Transition from intravenous to enteral ketamine for treatment of nonconvulsive status epilepticus

Michael A. Pizzi, Prasuna Kamireddi, William O. Tatum, Jerry J. Shih, Daniel A. Jackson, William D. Freeman

Research output: Contribution to journalArticle

2 Citations (Scopus)

Abstract

Background: Nonconvulsive status epilepticus (NCSE) is a diagnosis that is often challenging and one that may progress to refractory NCSE. Ketamine is a noncompetitive N-methyl-d-aspartate antagonist that increasingly has been used to treat refractory status epilepticus. Current Neurocritical Care Society guidelines recommend intravenous (IV) ketamine infusion as an alternative treatment for refractory status epilepticus in adults. On the other hand, enteral ketamine use in NCSE has been reported in only 6 cases (1 adult and 5 pediatric) in the literature to date. Case presentation: A 33-year-old woman with a history of poorly controlled epilepsy presented with generalized tonic-clonic seizures, followed by recurrent focal seizures that evolved into NCSE. This immediately recurred within 24 h of a prior episode of NCSE that was treated with IV ketamine. Considering her previous response, she was started again on an IV ketamine infusion, which successfully terminated NCSE. This time, enteral ketamine was gradually introduced while weaning off the IV formulation. Treatment with enteral ketamine was continued for 6 months and then tapered off. There was no recurrence of NCSE or seizures and no adverse events noted during the course of treatment. Conclusion: This case supports the use of enteral ketamine as a potential adjunct to IV ketamine in the treatment of NCSE, especially in cases without coma. Introduction of enteral ketamine may reduce seizure recurrence, duration of stay in ICU, and morbidity associated with intubation.

Original languageEnglish (US)
Article number54
JournalJournal of Intensive Care
Volume5
Issue number1
DOIs
StatePublished - Aug 8 2017

Fingerprint

Status Epilepticus
Ketamine
Small Intestine
Seizures
Therapeutics
Intravenous Infusions
losigame
Recurrence
Coma
Weaning
Intubation
Aspartic Acid
Epilepsy
Guidelines
Pediatrics
Morbidity

Keywords

  • Enteral ketamine
  • Intravenous ketamine
  • Nonconvulsive status epilepticus
  • Refractory status epilepticus
  • Seizures

ASJC Scopus subject areas

  • Critical Care and Intensive Care Medicine

Cite this

Pizzi, M. A., Kamireddi, P., Tatum, W. O., Shih, J. J., Jackson, D. A., & Freeman, W. D. (2017). Transition from intravenous to enteral ketamine for treatment of nonconvulsive status epilepticus. Journal of Intensive Care, 5(1), [54]. https://doi.org/10.1186/s40560-017-0248-6

Transition from intravenous to enteral ketamine for treatment of nonconvulsive status epilepticus. / Pizzi, Michael A.; Kamireddi, Prasuna; Tatum, William O.; Shih, Jerry J.; Jackson, Daniel A.; Freeman, William D.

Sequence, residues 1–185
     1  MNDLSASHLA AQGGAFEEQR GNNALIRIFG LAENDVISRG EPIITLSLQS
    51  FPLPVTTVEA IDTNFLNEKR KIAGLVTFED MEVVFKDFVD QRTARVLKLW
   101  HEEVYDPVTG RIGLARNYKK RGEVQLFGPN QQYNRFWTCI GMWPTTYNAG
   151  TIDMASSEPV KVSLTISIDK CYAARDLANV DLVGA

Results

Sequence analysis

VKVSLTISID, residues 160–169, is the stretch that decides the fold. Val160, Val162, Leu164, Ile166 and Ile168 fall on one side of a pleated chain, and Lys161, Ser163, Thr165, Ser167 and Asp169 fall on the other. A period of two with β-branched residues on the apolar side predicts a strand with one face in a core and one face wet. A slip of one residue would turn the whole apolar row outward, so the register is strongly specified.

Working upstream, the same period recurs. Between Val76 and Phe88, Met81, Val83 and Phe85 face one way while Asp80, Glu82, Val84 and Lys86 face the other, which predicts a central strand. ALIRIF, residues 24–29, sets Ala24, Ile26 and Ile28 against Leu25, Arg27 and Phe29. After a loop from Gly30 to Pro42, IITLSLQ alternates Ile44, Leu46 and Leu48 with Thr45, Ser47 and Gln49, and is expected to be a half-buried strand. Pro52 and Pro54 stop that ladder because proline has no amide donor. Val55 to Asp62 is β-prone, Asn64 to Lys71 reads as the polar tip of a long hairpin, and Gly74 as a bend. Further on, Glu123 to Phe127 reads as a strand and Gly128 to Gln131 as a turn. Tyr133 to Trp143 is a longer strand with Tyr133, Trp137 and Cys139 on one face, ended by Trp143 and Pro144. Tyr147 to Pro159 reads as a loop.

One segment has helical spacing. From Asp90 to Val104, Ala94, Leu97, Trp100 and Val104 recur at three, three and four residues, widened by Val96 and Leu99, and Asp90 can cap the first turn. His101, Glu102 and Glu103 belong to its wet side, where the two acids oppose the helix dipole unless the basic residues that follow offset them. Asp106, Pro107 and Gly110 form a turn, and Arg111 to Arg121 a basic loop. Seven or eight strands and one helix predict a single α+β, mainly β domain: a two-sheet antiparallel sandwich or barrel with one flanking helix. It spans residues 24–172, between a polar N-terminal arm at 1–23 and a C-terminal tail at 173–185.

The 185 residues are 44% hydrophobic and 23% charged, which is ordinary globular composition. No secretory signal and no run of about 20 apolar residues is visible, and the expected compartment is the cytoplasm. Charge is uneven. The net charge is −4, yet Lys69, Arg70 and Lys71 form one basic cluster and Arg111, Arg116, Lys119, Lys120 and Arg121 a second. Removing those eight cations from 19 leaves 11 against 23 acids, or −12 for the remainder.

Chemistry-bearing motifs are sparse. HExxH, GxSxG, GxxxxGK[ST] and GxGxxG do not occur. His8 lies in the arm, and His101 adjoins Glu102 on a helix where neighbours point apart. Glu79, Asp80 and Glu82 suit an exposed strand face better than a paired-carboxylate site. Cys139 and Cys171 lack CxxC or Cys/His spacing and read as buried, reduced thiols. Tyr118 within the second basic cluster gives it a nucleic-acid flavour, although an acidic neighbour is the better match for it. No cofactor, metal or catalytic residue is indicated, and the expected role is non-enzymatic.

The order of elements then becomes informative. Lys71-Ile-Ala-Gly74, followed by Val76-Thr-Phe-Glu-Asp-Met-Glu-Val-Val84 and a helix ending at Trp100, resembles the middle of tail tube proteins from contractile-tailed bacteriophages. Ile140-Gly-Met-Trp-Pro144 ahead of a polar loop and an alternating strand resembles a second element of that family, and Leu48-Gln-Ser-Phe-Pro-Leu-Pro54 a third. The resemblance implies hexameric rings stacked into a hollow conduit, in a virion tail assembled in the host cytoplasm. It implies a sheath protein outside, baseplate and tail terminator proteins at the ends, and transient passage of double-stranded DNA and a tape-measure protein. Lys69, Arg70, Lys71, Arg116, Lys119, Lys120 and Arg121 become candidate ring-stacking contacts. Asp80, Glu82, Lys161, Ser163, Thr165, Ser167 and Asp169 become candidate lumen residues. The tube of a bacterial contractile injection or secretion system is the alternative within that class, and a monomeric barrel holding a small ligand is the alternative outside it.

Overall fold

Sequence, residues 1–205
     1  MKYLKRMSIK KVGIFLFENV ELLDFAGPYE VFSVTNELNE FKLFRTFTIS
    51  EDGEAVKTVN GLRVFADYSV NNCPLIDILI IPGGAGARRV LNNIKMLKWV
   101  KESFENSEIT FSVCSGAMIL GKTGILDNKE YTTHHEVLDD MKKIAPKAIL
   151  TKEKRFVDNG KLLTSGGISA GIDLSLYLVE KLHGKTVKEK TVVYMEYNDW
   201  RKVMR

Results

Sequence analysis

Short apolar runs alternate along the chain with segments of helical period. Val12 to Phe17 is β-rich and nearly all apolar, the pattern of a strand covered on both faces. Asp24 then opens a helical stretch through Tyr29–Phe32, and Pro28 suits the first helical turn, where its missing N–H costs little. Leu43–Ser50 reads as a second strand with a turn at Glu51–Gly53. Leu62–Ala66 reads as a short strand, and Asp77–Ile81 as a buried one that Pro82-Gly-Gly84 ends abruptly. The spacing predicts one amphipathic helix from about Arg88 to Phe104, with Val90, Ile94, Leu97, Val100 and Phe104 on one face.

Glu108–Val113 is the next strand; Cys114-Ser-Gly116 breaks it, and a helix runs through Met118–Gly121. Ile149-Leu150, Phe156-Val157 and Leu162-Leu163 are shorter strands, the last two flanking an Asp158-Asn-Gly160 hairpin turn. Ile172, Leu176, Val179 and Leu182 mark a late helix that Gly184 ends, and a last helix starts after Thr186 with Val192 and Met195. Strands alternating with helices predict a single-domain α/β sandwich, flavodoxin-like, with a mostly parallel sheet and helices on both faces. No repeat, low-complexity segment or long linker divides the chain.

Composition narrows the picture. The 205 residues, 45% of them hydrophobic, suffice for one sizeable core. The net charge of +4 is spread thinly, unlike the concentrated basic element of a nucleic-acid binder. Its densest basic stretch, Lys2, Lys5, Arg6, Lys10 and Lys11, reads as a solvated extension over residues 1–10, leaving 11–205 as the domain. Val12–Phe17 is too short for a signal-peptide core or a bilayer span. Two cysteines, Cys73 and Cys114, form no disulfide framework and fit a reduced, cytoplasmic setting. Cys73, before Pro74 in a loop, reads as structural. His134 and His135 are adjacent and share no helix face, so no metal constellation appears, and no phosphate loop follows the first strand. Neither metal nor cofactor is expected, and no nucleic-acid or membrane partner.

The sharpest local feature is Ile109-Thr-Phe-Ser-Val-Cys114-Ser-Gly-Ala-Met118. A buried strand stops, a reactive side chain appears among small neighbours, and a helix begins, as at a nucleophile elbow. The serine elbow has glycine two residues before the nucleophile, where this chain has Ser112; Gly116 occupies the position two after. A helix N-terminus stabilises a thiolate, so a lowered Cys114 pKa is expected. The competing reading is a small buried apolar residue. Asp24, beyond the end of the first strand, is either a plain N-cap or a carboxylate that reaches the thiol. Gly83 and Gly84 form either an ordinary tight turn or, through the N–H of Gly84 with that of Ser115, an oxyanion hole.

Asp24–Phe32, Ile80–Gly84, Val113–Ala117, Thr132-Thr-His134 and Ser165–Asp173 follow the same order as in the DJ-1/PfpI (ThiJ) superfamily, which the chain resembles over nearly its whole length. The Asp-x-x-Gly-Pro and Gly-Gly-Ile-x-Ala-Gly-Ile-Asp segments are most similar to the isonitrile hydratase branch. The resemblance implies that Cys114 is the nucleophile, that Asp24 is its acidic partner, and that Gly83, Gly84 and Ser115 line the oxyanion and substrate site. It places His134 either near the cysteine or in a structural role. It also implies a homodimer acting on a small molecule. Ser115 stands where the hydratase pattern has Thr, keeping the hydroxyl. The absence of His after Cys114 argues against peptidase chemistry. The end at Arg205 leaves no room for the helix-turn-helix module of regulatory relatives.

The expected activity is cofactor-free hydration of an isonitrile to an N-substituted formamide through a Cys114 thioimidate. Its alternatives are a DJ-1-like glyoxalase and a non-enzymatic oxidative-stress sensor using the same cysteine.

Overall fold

In: Journal of Intensive Care, Vol. 5, No. 1, 54, 08.08.2017.

Research output: Contribution to journalArticle

Pizzi, Michael A. ; Kamireddi, Prasuna ; Tatum, William O. ; Shih, Jerry J. ; Jackson, Daniel A. ; Freeman, William D. / Transition from intravenous to enteral ketamine for treatment of nonconvulsive status epilepticus. In: Journal of Intensive Care. 2017 ; Vol. 5, No. 1.
@article{1149fa3755af4271ad943bb017946f40,
title = "Transition from intravenous to enteral ketamine for treatment of nonconvulsive status epilepticus",
abstract = "Background: Nonconvulsive status epilepticus (NCSE) is a diagnosis that is often challenging and one that may progress to refractory NCSE. Ketamine is a noncompetitive N-methyl-d-aspartate antagonist that increasingly has been used to treat refractory status epilepticus. Current Neurocritical Care Society guidelines recommend intravenous (IV) ketamine infusion as an alternative treatment for refractory status epilepticus in adults. On the other hand, enteral ketamine use in NCSE has been reported in only 6 cases (1 adult and 5 pediatric) in the literature to date. Case presentation: A 33-year-old woman with a history of poorly controlled epilepsy presented with generalized tonic-clonic seizures, followed by recurrent focal seizures that evolved into NCSE. This immediately recurred within 24 h of a prior episode of NCSE that was treated with IV ketamine. Considering her previous response, she was started again on an IV ketamine infusion, which successfully terminated NCSE. This time, enteral ketamine was gradually introduced while weaning off the IV formulation. Treatment with enteral ketamine was continued for 6 months and then tapered off. There was no recurrence of NCSE or seizures and no adverse events noted during the course of treatment. Conclusion: This case supports the use of enteral ketamine as a potential adjunct to IV ketamine in the treatment of NCSE, especially in cases without coma. Introduction of enteral ketamine may reduce seizure recurrence, duration of stay in ICU, and morbidity associated with intubation.",